A trigonal soft, greasy and dark-grey mineral, with a metallic sheen and easily flaked. The graphite is a good conductor of electricity and heat, rustproof and acid resistant, which melted only at about 3000 °C and which finds application in many sectors, from electrical engineering to electronic, from metallurgy to chemistry and industry and as protective material for nuclear energy production facilities.
The graphite is also used for the preparation of anti-oxidant varnishes, lubricant blends and for manufacturing pencils together with kaolin.
It is present in metamorphic rocks and it was located in the valleys of Chisone, Pellice, Bormida (Millesimo) in Italy. Today you can find it in other places situated in China, France, Germany and Canada. The artificial graphite is produced by heating at high temperatures carbonaceous material such as anthracite, charcoal and petroleum coke.
The production of the synthetic graphite began at the end of the 19th century, precisely in December 1895, in the USA, when a patent for the carbon graphitization was filed.
The electrographite produced in this manufacturing process was used as electrical current transmission element in the form of electrodes and graphite has since become increasingly important for a wide range of industries and sectors.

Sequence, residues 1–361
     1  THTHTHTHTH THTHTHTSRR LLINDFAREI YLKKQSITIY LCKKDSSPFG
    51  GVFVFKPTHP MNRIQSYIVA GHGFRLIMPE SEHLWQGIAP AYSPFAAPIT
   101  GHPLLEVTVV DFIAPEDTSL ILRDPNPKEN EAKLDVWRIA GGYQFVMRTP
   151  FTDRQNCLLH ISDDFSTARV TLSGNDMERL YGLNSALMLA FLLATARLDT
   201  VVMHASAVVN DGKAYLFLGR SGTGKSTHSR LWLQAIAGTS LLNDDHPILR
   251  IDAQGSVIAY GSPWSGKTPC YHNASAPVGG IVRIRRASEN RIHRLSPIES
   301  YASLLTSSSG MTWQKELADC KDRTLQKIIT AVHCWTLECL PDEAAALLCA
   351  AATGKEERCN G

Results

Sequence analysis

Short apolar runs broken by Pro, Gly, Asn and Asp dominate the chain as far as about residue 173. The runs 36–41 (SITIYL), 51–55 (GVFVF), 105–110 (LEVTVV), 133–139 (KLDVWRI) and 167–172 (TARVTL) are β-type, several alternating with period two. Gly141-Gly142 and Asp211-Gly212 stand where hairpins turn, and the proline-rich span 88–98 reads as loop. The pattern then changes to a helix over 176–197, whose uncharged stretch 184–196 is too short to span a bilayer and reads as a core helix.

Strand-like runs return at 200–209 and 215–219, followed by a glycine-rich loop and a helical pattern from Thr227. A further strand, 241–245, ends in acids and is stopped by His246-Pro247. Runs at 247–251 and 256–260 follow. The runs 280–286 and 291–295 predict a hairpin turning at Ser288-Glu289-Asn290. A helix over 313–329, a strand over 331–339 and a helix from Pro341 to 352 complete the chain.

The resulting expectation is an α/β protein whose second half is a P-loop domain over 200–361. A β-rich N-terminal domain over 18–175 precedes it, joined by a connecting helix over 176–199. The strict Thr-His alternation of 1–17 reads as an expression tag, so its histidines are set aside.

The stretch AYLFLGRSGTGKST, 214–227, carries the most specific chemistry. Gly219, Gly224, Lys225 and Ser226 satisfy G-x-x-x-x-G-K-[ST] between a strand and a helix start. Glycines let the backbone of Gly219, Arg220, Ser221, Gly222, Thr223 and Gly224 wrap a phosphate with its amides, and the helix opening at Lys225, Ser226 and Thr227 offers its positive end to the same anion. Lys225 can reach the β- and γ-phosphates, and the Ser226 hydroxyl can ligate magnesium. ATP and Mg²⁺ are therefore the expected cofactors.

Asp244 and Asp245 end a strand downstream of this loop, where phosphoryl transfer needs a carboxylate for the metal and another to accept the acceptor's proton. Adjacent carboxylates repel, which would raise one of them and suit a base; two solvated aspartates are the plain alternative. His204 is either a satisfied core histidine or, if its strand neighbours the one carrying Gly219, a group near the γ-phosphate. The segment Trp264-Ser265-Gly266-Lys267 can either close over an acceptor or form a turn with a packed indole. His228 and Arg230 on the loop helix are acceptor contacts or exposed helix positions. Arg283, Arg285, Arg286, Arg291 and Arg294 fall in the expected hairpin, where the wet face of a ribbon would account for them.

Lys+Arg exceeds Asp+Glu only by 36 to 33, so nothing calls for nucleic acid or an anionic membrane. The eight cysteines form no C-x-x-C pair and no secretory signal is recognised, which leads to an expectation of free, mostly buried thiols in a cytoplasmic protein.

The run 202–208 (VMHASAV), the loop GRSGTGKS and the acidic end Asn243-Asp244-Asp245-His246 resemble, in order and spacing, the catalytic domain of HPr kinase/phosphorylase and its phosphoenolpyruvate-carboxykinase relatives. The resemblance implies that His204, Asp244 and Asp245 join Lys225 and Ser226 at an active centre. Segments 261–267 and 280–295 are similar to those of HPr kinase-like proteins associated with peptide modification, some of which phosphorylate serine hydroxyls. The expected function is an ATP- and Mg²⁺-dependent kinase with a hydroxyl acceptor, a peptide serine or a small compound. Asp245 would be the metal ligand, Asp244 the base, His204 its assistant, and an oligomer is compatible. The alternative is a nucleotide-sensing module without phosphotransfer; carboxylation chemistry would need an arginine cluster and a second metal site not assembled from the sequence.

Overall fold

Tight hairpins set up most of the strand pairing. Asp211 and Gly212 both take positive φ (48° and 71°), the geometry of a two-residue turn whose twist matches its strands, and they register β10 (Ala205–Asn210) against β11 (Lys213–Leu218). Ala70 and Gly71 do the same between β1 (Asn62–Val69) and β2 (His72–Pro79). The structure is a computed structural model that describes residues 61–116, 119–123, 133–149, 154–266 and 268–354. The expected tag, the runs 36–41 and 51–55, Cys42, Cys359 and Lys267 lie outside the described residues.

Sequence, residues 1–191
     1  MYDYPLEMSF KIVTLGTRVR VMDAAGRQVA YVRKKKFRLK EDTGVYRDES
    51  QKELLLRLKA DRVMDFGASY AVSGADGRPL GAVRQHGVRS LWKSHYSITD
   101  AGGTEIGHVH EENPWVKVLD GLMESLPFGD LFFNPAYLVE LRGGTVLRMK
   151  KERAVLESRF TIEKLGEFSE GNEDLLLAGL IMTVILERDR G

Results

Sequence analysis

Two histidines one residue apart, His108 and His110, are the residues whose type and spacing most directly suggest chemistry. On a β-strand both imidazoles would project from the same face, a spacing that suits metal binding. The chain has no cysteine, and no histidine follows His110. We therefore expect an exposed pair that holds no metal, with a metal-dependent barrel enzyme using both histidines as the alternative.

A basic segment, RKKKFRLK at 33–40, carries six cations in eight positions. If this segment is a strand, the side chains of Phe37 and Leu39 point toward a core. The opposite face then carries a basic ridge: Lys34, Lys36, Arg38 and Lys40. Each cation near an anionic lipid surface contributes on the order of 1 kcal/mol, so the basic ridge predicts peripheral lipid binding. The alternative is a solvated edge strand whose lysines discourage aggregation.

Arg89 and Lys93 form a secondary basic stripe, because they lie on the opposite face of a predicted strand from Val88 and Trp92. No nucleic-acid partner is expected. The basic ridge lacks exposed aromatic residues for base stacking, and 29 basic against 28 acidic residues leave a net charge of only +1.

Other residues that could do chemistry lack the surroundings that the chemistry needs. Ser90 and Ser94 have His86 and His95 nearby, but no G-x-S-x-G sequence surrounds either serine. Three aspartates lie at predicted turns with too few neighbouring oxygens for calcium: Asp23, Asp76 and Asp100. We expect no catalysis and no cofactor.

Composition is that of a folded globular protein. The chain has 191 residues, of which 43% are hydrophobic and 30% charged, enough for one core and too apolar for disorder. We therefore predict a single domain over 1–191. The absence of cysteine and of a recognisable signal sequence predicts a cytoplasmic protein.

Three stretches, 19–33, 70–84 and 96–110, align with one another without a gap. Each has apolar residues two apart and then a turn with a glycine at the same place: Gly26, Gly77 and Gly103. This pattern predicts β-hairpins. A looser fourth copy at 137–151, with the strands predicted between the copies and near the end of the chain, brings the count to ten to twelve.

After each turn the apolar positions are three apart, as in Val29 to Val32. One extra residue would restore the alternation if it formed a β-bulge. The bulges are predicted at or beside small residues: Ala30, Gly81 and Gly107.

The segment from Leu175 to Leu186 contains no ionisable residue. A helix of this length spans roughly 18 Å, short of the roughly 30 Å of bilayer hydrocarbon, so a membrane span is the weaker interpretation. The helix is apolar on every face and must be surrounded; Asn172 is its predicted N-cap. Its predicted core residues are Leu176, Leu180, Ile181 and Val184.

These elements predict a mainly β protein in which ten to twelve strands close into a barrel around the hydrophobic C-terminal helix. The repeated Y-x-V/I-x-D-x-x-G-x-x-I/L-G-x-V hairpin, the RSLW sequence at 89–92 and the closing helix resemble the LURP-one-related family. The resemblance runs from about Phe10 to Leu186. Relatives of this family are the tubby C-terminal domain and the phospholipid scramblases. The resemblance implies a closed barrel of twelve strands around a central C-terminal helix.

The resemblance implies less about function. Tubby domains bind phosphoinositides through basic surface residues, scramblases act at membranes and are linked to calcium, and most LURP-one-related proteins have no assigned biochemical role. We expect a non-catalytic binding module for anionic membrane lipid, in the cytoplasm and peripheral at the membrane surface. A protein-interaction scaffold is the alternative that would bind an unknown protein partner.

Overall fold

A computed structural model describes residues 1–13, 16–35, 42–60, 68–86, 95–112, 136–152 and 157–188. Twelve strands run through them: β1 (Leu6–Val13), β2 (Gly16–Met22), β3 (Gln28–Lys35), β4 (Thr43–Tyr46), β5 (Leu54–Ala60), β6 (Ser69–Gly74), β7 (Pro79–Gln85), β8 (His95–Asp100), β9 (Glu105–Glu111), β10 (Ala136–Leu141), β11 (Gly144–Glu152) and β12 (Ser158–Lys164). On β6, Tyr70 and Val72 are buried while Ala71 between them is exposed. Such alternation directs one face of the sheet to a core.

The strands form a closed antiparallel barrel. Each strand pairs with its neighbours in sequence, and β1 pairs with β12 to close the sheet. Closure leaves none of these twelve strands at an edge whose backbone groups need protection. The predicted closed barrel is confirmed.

The core of the synthetic graphite is made of a very hard carbon part, usually crude petroleum coal, and pitch acting as binder. The two raw material are mixed together to make up a homogeneous mass and then processed and refined in complex processes at high temperature. These processes can vary depending on the desired properties and on the type of synthetic graphite. In this way, a process can be reproduced in a short time, especially when compared to the natural one, which takes million years.
The morphology of the greatest part of the synthetic graphite ranges from flakes of the fine powders to the irregular grains and tips of the coarse products. This technical presentation includes electronic scan micrographs of the morphology of calcined petroleum coke materials to be graphitized, crystalline graphite in flakes, present in nature, and synthetic graphite finely ground.